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Patio Man and the Sprawl People, Part 2

12:00 AM, Aug 3, 2002 • By DAVID BROOKS
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--THE GOAL OF THE ACTIVE-LEISURE LIFESTYLE. Your self-esteem is based on your success at work, but since half the time it's hard to explain to people what the hell it is you do, your public identity is defined by your leisure activities. You are the soccer family, engrossed by the politics and melodrama of your local league, or you are the T-ball coach and spend your barbecue conversations comparing notes on new $200 titanium bat designs (there's a new bat called The Power Elite--even C. Wright Mills has been domesticated for the Little League set). You are Scuba Woman and you converse about various cruises you have taken. You are Mountain Bike Man and you make vague references to your high altitude injuries and spills. Or you are a golfer, in which case nobody even thinks of engaging you in conversation on any topic other than golf.

Religion is too hot a subject and politics is irrelevant, so if you are not discussing transportation issues--how to get from here to there, whether the new highway exit is good or bad--you are probably talking about sports. You're talking about your kids' ice hockey leagues, NBA salary levels, or the competition in your over-70 softball league--the one in which everybody wears a knee brace and it takes about six minutes for a good hitter to beat out a double. Sports sets the emotional climate of your life. Sports provides the language of easy camaraderie, self-deprecating humor, and (mostly) controlled competition.

--THE GOAL OF THE TRADITIONAL, BUT COMPETITIVE, CHILDHOOD. Most everything in Sprinkler Cities is new, but much of the newness is in the service of tradition. The families that move here are trying to give their children as clean and upright and traditional a childhood as they can imagine. They're trying to move away from parents who smoke and slap their kids, away from families where people watch daytime TV shows about transvestite betrayals and "My Daughter is a Slut" confessions, away from broken homes and, most of all, away from the company of children who are not being raised to achieve and succeed.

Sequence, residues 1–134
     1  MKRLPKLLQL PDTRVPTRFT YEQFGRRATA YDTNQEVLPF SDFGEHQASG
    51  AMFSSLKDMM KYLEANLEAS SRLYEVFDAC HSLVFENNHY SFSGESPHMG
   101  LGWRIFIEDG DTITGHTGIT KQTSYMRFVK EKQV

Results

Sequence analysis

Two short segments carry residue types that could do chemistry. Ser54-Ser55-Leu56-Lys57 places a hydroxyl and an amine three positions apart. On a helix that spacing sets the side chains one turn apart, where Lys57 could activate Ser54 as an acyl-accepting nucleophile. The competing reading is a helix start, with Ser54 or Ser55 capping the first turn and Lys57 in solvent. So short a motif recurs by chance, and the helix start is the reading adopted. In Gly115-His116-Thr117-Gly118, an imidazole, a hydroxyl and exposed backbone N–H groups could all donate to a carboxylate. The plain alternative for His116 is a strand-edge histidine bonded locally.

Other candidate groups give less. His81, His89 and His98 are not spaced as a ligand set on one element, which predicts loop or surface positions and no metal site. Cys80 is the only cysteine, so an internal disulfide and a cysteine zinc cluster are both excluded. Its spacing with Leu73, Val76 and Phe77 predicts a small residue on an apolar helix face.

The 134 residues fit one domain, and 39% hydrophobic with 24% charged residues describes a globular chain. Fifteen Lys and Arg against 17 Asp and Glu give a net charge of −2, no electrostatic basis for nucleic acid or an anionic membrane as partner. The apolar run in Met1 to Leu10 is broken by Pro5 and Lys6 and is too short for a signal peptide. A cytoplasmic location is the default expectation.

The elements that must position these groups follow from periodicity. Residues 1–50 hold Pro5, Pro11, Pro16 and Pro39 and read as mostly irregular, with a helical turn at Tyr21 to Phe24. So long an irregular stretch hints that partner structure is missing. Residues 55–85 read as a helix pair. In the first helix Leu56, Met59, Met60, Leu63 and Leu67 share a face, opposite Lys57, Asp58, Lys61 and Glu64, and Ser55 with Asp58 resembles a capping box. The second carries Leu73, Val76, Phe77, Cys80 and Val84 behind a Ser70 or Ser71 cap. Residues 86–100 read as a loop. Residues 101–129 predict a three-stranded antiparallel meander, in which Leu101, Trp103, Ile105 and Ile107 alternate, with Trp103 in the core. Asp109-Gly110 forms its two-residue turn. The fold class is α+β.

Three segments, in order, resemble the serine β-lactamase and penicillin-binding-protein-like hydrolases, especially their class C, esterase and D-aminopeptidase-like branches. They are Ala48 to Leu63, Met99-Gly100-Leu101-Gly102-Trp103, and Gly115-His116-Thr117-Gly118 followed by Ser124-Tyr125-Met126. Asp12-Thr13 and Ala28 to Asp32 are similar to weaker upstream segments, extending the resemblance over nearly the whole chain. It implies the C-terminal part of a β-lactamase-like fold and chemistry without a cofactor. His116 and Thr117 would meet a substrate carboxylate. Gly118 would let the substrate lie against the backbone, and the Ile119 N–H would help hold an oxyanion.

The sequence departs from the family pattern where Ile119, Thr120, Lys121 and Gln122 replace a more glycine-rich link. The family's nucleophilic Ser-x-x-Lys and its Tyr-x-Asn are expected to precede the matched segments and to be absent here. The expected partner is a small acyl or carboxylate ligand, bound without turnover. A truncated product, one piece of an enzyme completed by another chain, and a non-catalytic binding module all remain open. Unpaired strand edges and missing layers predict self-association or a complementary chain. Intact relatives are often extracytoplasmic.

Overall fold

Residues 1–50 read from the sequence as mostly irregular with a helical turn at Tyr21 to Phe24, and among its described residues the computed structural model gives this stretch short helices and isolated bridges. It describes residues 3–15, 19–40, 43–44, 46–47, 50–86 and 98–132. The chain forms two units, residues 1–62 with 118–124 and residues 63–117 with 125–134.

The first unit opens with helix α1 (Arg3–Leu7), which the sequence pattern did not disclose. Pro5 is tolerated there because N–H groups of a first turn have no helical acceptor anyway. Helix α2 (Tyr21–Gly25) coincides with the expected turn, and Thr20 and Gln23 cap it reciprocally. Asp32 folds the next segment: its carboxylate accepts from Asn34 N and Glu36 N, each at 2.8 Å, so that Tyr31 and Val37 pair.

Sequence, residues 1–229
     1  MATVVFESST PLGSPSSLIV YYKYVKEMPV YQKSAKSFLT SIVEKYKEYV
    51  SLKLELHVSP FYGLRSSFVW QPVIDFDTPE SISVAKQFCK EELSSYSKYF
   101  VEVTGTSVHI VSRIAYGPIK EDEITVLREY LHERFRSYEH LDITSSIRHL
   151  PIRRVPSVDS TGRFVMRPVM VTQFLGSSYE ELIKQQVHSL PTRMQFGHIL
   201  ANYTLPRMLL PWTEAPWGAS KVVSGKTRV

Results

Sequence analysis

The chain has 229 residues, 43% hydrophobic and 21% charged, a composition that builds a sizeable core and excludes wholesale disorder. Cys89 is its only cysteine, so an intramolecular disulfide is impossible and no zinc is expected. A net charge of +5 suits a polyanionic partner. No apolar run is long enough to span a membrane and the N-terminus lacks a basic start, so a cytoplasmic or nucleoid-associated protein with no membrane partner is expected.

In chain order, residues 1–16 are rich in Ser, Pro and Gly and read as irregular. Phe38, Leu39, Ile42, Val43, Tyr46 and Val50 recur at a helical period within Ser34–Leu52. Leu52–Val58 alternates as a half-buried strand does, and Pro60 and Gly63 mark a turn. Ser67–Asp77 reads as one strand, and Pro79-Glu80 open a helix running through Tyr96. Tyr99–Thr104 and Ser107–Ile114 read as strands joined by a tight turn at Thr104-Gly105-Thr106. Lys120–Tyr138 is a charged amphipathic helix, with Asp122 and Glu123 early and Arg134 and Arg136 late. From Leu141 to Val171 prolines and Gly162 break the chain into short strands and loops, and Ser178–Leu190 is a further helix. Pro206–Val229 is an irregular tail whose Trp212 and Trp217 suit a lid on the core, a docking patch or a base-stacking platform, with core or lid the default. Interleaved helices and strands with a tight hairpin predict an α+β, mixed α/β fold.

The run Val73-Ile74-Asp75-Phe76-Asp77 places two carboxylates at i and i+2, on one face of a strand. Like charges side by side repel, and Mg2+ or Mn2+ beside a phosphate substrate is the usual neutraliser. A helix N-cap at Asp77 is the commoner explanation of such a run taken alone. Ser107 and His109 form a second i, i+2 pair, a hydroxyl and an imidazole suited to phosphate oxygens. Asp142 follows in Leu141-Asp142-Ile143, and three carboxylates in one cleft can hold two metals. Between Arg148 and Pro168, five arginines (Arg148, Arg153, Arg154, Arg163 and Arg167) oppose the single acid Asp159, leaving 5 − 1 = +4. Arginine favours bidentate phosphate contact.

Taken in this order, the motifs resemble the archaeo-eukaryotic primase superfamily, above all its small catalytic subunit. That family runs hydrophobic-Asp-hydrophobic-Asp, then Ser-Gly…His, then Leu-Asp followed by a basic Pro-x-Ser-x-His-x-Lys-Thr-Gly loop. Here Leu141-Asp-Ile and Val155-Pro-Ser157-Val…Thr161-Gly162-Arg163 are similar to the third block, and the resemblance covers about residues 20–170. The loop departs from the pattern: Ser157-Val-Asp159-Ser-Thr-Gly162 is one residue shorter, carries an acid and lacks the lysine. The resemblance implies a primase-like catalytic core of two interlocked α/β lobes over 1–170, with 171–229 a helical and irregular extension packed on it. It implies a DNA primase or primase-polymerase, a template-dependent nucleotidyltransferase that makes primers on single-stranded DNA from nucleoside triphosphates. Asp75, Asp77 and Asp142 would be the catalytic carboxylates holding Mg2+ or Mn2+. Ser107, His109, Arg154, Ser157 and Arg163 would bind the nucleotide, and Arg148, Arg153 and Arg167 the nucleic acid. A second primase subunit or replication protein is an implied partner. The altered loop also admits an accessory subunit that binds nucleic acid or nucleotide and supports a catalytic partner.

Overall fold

They are trying to move instead to a realm of clean neighborhoods, safe streets, competitive cheerleading, spirit squads, soccer tots academies, accelerated-reader programs, and adult-chaperoned drug-free/alcohol-free graduation celebrations.

For the fifth consecutive year, the Henderson, Nevada, high school Marine Corps Junior ROTC squad has won the National Male Armed Drill Team championship. The Female Unarmed Drill Team has come in first six out of the past eight years. In Loudoun County the local newspaper runs notices for various travel team tryouts. In one recent edition, I counted 55 teams announcing their tryouts, with names like The Loudoun Cyclones, the Herndon Surge, the Loudoun Volcanoes. (It's not socially acceptable to name your team after a group of people anymore, so most of the teams have nature names.) As you drive around a Sprinkler City you see SUVs everywhere with cheers scrawled in washable marker on the back windows: "Go Heat!" "#24 Kelly Jones!" "Regional Champs!"

The kids spend their days being chaperoned from one adult-supervised activity to another, and from one achievement activity to the next. They are well tested, well trophied, and well appreciated. They are not only carefully reared and nurtured, they are launched into a life of high expectations and presumed accomplishment.

THE DOMINANT IDEOLOGY OF Sprinkler Cities is a sort of utopian conservatism. On the one hand, the people who live here have made a startling leap into the unknown. They have, in great numbers and with great speed, moved from their old homes in California, Florida, Illinois, and elsewhere, to these brand new places that didn't really exist 10 years ago. These places have no pasts, no precedents, no settled institutions, very few longstanding groups you can join and settle into.